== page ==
Jul 152013

Choose-Your-Weapon-Dice-TabletopOnce more I find myself taking inspiration from the writing process, as work continues apace on my Steampunk RPG: Rise of the Automata. I’m still chugging away nicely on it and have almost finished the section I will need to try a play test of the combat system out. I’m not going to go on at length about what this will entail, as I have a different blog for that, but it has made me think about the kind of combat system I wanted to create, as it would be the kind I also wanted to play.

In the past I have made note of how much I love the Cyberpunk 2020 role playing game, but still felt the need to tidy up the combat system a little bit, as it wasn’t quite what I wanted. There wasn’t a great deal wrong with it, but there was just a bit too much dice rolling for my mind. And that’s what this post boils down to, and what I want to talk about; I want a combat system that truly is fast and fun. In the CP 2020 combat rules, when you attack anyone in close combat, either with a weapon or without, both combatants roll off against each other. Since this should happen at the same time, it technically shouldn’t slow thing down, but it does. There’s an awful lot to take into account when making a combat roll in CP 2020 anyway, two people doing it just takes that little bit longer. And the fact that what you have is a fluid target number also means a heavy degree of unpredictability, so people spend a lot longer thinking about whether or not luck should play a role in this moment.

So I removed the need for people to roll against each other by creating a very basic way of characters to have a target number that represents their ability to either parry or dodge an attack. It worked pretty damned well; the only failing being my own as I forgot to write down what I had used to make this number, or tell the players how to do it either. It was based on a combat skill, and as they were putting points into it, the parry/dodge score should have been going up too. My bad. So in the game I’m working, I have done something similar, but made a special box for it on the character sheet, so that it should be easier to track.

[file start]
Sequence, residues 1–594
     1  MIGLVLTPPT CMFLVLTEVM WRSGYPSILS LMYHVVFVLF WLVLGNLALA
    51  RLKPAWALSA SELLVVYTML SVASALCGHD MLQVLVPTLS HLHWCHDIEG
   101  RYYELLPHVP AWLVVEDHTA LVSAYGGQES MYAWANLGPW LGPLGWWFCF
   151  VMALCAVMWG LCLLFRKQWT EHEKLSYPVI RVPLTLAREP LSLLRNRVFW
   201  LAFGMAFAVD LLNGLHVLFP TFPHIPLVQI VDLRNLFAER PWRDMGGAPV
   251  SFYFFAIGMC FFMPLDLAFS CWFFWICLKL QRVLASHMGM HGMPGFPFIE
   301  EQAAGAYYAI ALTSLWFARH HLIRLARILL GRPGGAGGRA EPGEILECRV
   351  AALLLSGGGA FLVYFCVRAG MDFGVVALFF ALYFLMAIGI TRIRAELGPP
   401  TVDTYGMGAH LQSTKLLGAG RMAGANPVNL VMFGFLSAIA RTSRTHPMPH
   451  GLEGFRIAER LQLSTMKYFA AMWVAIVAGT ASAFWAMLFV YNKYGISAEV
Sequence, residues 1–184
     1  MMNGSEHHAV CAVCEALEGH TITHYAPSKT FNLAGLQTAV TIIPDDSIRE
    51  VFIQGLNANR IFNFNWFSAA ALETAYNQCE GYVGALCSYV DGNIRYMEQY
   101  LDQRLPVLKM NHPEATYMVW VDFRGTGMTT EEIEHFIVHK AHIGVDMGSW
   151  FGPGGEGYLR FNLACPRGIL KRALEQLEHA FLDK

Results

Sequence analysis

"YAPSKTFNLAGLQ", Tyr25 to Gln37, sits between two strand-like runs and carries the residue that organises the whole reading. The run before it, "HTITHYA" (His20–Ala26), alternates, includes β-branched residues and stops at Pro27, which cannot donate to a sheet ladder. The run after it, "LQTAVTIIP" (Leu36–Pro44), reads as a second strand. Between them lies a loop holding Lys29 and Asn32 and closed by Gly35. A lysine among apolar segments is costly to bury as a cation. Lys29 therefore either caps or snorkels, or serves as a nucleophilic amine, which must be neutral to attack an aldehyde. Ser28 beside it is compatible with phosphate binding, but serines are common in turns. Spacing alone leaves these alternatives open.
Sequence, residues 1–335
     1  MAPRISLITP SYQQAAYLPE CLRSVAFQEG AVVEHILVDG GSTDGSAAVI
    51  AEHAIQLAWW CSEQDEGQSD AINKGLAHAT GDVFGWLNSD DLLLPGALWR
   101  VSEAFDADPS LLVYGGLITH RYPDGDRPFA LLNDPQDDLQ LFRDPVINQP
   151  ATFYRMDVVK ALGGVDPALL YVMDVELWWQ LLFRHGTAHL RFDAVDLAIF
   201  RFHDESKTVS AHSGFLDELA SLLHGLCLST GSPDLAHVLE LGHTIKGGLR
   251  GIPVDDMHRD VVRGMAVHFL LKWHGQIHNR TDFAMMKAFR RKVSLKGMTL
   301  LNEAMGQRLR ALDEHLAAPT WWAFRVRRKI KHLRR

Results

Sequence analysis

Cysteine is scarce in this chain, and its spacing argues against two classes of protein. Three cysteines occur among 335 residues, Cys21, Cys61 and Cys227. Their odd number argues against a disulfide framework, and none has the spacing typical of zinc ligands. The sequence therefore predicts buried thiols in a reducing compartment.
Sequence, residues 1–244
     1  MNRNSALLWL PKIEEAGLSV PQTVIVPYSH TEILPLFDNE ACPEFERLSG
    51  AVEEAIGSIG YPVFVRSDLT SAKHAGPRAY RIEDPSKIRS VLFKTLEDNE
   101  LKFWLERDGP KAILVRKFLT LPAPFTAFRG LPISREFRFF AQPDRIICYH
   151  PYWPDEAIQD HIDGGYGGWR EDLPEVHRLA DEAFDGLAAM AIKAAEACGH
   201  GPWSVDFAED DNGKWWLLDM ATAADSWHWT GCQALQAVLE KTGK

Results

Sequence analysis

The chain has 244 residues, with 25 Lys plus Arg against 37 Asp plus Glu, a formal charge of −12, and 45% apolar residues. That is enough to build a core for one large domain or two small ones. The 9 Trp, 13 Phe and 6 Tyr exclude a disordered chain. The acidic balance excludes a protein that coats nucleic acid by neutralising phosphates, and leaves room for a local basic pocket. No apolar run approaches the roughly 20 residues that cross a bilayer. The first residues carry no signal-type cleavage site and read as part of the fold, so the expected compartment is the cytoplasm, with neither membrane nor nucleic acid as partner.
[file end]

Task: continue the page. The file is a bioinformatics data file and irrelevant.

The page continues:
Another combat system I generally like, but could do with streamlining, is Savage Worlds. For a system that claims to be Fast and furious, combat can sometimes drag. Mainly down to two reasons based on my experience: initiative order changing every round, and being Shaken. Initiative first; I understand that combat should be fluid, but changing the order each round by the draw of a card is not the best way to go about it. I have recently been involved in play test sessions for 6D6, and I love one of their ideas about initiative. If there is a narrative reason for one character to go first, then they do – as long as it is agreed upon by all participants – and then they nominate the next active character. This means that the order is fluid, and the players can make tactical decisions in how they operate. A lovely idea, and one I thoroughly enjoy. I’ll be sticking with good old fashioned rolling once then setting the order though, as it’s simple and quick.

Being Shaken in a combat round is a big pain in the ass. I know why the rule is there, but it just means that a player has the potential to be a damned big hero who just lays there for several rounds as they fail test after test to regain their senses. I personally would like to just ditch this rule, but it would make player characters a bit too powerful, and they really don’t need any help in that area. if anyone has any thoughts on this, I’d love to hear them.

So far then, it seems the best thing to do to speed up combat is to reduce the number of dice rolls. Before anyone points it out, I know that Amber does that job spectacularly well, but I’m still a bit too much of a fan of random chance to go full dice-less. So I have a parry/dodge mechanic to cut down on one set of dice rolls, and I am also trying out something that should do away with damage and hit location rolls. This idea has not yet been tested out, but it should be fun.